When a Coworker Gets Special Treatment

Some advice for when a manager plays favorites.

By + More

TH_OV_alisongreen.jpg
Alison Green
A reader writes:

How do I deal with a manager who clearly gives special treatment to a coworker? She is very irresponsible, and yet my manager takes her lateness to work as almost cute behavior on her part. A couple of times, my coworker did not even show up to work but my manager never took appropriate action. They have a good relationship, and any other manager would have already fired my coworker for her behavior. How should I handle this situation? It makes me sick sometimes.

Well, you really don't know what's happening behind the scenes. Maybe your manager did take action--it's unlikely that you would know about it. Your manager wouldn't share that with you, and your coworker, if she's like most people, probably wouldn't confess to you that she's in trouble.

There could be other explanations, too, that you wouldn't have reason to know about. Maybe she's getting her work done, so your manager isn't too concerned about her lateness. Or, your coworker could have a health condition that causes absences, and she could have worked out accommodations for it with your manager.

Of course, it's also possible that what you see on the surface is all there is to it, and you have an irresponsible coworker who's getting away with her bad behavior. If that's the case, then maybe your manager is simply a bad manager and not willing to address it with her. There are certainly plenty of bad managers out there -- maybe even more than good ones -- and you'd have a lot of company if you have a boss who doesn't know how to hold people accountable.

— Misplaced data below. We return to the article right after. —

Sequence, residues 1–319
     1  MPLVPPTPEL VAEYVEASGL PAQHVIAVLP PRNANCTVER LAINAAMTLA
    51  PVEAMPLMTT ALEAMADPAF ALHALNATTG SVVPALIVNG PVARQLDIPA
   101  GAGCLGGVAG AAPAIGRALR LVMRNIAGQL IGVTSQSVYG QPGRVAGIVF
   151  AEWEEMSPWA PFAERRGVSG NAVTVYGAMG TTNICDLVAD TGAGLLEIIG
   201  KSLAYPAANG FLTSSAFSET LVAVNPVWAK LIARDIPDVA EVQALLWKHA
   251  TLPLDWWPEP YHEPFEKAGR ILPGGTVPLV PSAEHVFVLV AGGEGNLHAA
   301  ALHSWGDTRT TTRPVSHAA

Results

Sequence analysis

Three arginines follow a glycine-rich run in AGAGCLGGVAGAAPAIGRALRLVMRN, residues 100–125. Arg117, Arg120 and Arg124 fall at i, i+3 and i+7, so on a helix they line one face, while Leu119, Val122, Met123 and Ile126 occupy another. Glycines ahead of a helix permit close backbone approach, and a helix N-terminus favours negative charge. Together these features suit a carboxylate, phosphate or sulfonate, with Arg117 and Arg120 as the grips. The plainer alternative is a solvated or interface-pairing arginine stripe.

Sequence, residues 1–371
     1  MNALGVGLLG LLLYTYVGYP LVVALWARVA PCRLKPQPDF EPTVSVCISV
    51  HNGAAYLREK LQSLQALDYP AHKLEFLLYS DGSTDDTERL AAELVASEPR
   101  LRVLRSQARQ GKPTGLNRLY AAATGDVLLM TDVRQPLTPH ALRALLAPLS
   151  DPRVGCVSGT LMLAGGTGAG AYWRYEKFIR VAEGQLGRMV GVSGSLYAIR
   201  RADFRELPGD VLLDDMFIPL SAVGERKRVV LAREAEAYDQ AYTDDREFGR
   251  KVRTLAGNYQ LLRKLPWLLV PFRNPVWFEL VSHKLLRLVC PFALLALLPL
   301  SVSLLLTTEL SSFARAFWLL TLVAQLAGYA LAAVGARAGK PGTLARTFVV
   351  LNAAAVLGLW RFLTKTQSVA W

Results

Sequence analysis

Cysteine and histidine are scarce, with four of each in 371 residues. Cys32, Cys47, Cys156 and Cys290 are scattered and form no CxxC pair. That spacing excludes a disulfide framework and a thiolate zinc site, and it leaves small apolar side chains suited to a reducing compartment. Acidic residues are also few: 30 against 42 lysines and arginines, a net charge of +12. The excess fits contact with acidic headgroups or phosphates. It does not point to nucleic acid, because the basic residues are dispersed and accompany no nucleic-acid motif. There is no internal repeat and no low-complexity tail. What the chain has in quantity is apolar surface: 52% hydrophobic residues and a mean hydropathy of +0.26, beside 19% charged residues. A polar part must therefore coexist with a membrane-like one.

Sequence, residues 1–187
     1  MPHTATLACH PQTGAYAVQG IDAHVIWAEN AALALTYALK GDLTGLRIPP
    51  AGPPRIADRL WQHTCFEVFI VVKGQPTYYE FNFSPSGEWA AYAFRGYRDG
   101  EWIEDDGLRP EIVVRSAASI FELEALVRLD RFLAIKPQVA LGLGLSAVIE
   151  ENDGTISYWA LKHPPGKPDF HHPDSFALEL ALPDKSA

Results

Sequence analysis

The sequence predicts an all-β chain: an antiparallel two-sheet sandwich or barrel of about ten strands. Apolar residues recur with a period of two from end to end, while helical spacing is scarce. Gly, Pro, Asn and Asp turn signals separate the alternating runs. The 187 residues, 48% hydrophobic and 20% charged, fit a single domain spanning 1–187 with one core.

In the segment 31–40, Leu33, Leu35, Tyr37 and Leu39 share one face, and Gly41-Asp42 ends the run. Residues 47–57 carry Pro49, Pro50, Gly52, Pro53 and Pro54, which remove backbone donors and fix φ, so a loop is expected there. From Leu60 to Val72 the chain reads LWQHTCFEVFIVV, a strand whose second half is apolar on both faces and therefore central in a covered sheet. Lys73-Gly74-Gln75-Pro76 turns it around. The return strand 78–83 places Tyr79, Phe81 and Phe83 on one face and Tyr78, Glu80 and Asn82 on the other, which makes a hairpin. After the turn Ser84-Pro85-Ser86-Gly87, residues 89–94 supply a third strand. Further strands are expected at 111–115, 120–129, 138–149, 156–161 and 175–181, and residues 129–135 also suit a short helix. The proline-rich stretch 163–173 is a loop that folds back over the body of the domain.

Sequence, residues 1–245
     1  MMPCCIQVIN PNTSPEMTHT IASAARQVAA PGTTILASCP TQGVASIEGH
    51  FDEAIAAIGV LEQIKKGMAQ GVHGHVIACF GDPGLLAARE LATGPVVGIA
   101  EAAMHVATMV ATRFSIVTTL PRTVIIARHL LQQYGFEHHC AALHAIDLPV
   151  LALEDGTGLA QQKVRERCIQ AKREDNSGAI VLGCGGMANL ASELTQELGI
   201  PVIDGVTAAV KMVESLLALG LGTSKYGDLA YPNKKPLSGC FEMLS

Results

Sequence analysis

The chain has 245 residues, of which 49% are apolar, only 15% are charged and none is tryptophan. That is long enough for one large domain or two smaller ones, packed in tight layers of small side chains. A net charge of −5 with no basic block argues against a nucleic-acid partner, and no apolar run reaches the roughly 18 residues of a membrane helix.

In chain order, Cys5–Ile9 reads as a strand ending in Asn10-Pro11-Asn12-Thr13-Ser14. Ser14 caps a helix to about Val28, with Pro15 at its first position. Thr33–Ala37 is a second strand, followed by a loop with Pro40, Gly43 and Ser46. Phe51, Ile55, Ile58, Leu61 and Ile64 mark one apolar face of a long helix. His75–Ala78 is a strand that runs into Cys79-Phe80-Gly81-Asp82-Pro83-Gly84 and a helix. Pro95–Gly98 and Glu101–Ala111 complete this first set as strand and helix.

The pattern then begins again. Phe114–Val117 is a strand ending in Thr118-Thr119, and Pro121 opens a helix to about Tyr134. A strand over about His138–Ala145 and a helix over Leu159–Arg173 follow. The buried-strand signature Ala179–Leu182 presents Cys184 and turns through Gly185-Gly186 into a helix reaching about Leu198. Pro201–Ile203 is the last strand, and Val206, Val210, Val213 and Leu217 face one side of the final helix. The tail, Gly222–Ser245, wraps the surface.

But no matter the explanation, the answer for you is the same: Aside from being annoying, is this affecting your work? If not, you should stay out of it because it's really not your business. But if it does impact your ability to do your job (because you have to take on her work when she's not there, or you're dependent on her work in order to do your own job), then you can raise it with your boss from that perspective, keeping the focus on that aspect of it. (You should also raise things that aren't affecting you if you think you manager doesn't know and would want to, but in this case she appears to know.)

There's sometimes an exception to the rule above, and that's if it's significantly affecting your morale. Personally, as a manager, I want to know if my people are demoralized by a coworker's behavior. To be clear, I don't want to hear about it over and over, but I do appreciate a one-time heads-up, delivered in a professional way. But be aware that not every manager agrees with me and yours may not, so it's a judgment call.

Ultimately, you can only control your own work, and that's where you should keep your focus.

Alison Green is the author of Managing to Change the World: The Nonprofit Leader's Guide to Getting Results . She is chief of staff for the Marijuana Policy Project, a nonprofit lobbying organization, where she oversees day-to-day management of the staff as well as hiring, firing, and staff development. Her writings have been published in the Washington Post, the New York Times, Maxim, and dozens of other newspapers. She blogs at Ask a Manager.